• With the wet season fast approaching, May to July provides a good opportunity to take advantage of promotional offers as crowds begin to disperse. You should expect a few showers during this time of year, but nothing that will greatly impact on your trip.
  • August to September: Cambodia's wettest months and you should expect heavy showers daily; although these are normally short-lived and exploration is still possible.
  • October: The rains begin to die down and temperatures average 27°C, making October a lovely time to visit Cambodia and its lush landscape. Beat the crowds and take advantage of early season promotional offers.
  • November – December: Cambodia's peak season begins again and the crowds flock to the temples, with temperatures averaging a comfortable 25°C. It is the perfect time to venture out onto Tonle Sap Lake. The Cambodian Water Festival usually takes place in November, and hotel prices are often higher at this time of year, so it is essential to book in advance.
The most notable thing about the Khmer culture is clapping hands and bowing to respect one another. Clapping hands is a symbol of praying to Buddha, however if the hand is just touching the chin then it means a respect for a person of the same level. If a hand is touched to the nose it is a sign of respecting ones parents and older people. Khmer people have a deep, traditional admiration for the Royal Family, and a visitor should be careful to show respect and reverence for the King, Queen and the Royal Children. Clothes is also important for women. Khmer people wear long sleeve shirts or skirts at home and the traditional silk suit when involved in a ceremony. Traditionally, Khmer women like to stay home or go out with their parents. These women never allow a man to touch their body at any time either, until they are married.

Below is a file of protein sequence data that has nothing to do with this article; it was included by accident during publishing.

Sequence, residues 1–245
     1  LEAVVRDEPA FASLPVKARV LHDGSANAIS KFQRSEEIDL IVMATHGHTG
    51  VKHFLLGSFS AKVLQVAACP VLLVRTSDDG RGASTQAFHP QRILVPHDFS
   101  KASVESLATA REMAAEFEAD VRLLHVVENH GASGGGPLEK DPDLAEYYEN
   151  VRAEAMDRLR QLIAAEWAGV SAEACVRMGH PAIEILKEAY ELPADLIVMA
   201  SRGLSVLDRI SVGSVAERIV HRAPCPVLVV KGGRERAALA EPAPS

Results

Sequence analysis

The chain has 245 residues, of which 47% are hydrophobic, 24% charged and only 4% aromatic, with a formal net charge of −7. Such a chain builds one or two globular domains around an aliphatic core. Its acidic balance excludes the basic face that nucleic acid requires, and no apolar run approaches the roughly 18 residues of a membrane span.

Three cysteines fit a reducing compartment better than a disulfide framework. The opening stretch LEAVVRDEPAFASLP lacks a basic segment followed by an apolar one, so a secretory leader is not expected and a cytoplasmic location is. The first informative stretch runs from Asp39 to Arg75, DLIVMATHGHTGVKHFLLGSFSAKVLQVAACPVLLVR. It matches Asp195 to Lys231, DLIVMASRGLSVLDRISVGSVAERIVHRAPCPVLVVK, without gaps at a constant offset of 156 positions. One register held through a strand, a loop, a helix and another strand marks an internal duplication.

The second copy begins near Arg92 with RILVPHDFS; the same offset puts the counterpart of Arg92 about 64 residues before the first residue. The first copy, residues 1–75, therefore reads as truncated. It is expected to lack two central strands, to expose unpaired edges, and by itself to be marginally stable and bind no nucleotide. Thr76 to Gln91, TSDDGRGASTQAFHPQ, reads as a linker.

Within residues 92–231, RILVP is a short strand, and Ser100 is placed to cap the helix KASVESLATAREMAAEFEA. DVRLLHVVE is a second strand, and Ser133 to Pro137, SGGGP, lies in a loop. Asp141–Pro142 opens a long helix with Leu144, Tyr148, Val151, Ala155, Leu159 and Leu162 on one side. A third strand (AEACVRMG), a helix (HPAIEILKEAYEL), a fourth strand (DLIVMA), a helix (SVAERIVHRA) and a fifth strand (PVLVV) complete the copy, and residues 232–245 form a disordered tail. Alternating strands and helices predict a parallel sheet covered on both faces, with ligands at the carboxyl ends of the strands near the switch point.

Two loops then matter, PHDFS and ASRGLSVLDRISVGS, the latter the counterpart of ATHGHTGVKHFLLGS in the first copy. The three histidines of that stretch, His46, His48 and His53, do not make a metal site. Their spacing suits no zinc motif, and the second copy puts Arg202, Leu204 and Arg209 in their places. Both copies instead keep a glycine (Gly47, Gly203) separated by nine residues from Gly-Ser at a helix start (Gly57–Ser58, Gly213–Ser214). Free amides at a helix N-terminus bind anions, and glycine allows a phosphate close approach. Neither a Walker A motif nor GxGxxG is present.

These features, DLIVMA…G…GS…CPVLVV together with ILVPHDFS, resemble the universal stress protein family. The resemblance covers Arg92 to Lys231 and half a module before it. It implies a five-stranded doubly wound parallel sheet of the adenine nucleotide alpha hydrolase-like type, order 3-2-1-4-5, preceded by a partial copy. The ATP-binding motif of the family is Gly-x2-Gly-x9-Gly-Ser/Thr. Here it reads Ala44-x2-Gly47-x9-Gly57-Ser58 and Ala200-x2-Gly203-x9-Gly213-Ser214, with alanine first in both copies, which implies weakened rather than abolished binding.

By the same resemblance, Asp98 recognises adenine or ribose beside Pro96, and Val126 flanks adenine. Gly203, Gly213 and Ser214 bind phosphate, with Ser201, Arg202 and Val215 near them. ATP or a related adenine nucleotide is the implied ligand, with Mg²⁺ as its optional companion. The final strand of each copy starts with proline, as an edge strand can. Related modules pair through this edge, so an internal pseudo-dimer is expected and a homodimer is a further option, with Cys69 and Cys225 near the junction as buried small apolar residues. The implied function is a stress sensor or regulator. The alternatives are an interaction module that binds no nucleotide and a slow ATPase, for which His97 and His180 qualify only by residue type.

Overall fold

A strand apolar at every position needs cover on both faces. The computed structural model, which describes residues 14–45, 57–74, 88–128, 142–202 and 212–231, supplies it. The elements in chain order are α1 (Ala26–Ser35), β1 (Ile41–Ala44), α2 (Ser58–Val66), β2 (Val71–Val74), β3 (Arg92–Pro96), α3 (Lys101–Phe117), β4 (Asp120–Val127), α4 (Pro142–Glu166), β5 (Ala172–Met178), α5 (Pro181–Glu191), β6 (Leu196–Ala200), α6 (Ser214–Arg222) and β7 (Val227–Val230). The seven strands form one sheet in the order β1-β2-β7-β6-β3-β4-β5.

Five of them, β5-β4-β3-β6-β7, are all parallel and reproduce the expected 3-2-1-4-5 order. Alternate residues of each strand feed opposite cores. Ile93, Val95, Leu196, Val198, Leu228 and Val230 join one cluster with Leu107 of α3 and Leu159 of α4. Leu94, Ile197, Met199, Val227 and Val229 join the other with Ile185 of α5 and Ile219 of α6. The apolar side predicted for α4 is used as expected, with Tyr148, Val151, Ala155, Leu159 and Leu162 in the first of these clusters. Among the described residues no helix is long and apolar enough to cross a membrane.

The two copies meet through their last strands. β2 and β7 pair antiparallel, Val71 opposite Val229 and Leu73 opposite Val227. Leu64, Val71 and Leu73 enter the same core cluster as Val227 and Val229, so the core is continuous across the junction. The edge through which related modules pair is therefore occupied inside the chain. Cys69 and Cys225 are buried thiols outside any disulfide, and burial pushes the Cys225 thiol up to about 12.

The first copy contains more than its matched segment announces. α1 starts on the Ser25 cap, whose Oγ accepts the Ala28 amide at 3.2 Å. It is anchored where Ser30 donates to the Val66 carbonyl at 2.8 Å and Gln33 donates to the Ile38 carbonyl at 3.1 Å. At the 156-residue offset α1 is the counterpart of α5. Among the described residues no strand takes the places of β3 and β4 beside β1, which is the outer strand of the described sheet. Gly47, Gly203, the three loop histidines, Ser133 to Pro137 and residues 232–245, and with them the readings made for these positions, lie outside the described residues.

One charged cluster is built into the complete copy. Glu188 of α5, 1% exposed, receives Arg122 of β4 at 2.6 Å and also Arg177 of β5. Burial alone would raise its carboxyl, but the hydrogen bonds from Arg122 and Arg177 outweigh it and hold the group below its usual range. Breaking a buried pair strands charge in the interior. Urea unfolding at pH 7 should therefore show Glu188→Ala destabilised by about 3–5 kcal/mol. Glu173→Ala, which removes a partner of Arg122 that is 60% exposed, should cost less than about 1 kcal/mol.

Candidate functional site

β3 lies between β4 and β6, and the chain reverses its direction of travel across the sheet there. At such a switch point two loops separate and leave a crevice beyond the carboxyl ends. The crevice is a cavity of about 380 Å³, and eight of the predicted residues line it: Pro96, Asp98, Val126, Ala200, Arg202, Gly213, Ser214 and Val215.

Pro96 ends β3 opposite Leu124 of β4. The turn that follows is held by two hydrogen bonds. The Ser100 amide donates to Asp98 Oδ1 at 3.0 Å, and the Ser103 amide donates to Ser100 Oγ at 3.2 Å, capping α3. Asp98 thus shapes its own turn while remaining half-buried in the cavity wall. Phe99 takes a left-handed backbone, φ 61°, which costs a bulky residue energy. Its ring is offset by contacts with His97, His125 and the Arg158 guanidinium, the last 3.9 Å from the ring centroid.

The dominant features of the Cambodian landscape are the large Tonle Sap (Great Lake) and Bassac River Systems and the Mekong River, which crosses the country from north to south. Surrounding the Central Plains which covers three quarters of the country’s area are the more densely forested and sparsely populated highlands, comprising the Elephant Mountains and Cardamom Mountain of the southwest and western regions, the Dangrek Mountains of the North adjoining the Korat Plateau of Thailand, and Rattanakiri Plateau and Chhlong highlands on the east merging with the Central Highlands of Viet Nam.
When we step out on Cambodian roads, remember the dominant traffic rule in the country which is “the bigger gets the right of way”. When driving, anarchy rules, so take extra care when on the roads! In Phnom Penh, traveling by moto-romauks ('tuk-tuks') and cyclos (bicycle rickshaws) can be safer than motorcycle taxis, but not as safe as taxis. If you wish to take a motorbike taxi, select your driver carefully. If the driver appears drunk, reckless or drives too fast, do not hesitate to get off (pay him a bit) and get another one.